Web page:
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It’s time for spring and farming

By Staff | Mar 23, 2016

Agriculture is at the very heart of life in the Hawkeye State and especially so as spring unfolds. The renewal of the earth is also a time when the pace quickens on Iowa’s 87,500 farms.

According to the National Agricultural Statistics Service of the U.S. Department of Agriculture a huge portion of the state’s land is devoted to farming – an estimated 30,500,000 acres as of 2015. That’s hardly a surprise to anyone familiar with the Iowa economy because agriculture has been the key to prosperity here since pioneers first arrived.

Even though farms have always been center stage in Iowa, the business of agriculture is changing rapidly. A special section titled “Spring Farm” is included with this issue of Farm News. It provides a comprehensive look at the trends influencing farm life as the 2016 planting season approaches.

The impressive scope of Iowa agriculture can’t be captured fully in numbers, but the statistical portrait the USDA has assembled provides an intriguing overview of the 21st-century Iowa farm world.

Here are some of the numbers:

A). Iowa ranks first in the nation in production of corn and soybeans.

B). Iowa leads the nation in hog and egg production.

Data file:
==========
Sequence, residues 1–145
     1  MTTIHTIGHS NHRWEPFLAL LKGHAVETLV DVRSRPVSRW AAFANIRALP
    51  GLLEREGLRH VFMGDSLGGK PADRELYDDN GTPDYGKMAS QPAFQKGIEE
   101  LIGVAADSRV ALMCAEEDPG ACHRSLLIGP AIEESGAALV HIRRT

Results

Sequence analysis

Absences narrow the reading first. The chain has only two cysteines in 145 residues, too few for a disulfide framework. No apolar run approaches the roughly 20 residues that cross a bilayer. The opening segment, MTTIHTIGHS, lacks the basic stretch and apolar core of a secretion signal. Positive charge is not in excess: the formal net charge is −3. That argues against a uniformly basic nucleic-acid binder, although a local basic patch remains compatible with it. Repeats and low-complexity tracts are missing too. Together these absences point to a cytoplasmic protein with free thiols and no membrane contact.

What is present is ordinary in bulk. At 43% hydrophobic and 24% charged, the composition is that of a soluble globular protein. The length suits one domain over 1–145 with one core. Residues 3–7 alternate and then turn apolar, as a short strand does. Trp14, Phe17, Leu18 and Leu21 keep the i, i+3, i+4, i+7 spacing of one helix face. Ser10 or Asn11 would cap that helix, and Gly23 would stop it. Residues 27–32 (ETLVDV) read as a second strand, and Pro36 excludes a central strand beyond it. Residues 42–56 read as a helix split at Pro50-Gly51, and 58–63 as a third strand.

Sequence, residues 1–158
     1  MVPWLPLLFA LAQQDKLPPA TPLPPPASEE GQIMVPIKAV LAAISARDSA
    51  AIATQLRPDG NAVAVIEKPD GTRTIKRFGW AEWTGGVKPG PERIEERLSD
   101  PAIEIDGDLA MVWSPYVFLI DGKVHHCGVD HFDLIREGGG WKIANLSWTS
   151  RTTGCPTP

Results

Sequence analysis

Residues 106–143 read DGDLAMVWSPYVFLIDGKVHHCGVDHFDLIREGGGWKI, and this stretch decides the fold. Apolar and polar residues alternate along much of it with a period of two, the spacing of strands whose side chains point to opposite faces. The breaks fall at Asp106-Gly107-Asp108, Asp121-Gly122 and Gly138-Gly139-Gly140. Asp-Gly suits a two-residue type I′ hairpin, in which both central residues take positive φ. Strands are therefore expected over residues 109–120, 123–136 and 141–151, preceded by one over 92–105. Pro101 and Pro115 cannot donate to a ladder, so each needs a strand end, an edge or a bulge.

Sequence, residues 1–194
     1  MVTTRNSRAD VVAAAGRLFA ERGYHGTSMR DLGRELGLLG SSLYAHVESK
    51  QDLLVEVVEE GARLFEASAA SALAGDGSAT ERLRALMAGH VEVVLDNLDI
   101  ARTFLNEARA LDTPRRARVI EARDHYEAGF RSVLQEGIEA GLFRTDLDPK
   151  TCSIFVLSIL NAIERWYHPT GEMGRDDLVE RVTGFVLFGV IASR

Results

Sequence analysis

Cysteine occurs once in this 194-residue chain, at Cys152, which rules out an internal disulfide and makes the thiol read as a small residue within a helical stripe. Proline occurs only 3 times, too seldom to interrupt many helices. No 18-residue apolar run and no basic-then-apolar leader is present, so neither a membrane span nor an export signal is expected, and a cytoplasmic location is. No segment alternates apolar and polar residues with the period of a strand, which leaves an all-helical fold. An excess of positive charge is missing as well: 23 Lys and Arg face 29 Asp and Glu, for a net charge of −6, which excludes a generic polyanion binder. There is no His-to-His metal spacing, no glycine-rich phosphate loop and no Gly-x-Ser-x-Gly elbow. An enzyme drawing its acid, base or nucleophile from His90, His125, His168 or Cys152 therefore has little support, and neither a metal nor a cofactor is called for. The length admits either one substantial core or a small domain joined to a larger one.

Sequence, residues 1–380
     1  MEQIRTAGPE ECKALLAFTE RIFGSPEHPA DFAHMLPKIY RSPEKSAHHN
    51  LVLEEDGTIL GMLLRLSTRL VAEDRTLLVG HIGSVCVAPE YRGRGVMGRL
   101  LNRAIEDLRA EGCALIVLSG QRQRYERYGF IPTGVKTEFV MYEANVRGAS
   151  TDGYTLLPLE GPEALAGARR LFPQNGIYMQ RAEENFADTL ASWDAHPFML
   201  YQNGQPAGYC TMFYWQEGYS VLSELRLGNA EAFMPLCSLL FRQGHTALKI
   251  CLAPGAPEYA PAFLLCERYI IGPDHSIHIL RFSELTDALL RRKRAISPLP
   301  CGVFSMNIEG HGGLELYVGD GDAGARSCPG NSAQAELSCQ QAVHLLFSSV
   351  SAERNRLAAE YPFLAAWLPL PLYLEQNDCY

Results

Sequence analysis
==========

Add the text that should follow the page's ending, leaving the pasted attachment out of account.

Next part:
C). As of Jan. 1, 2016, the state’s livestock inventory included almost 4 million cattle and calves, about 21 million hogs and pigs, and 175,000 sheep.

D). Iowa ranks near the top of American states in total agricultural exports.

E). Conservation is widely practiced by Iowa farmers. Nine out of every 10 acres in crop land is farmed using some type of conservation practice.

Innovation in farming techniques and the development of new products have helped keep the agricultural economy vibrant. A good example of the latter is Iowa’s central role in the booming renewable fuels industries. It already leads the nation in the production of ethanol and the rapidly growing biodiesel sector is becoming an important market force.

Soon the Iowa landscape will be transformed as the state’s farmers – assisted by hopefully gentle rains and warmer weather – bring now empty fields alive. The bounty those farms produce is the lifeblood of our state.

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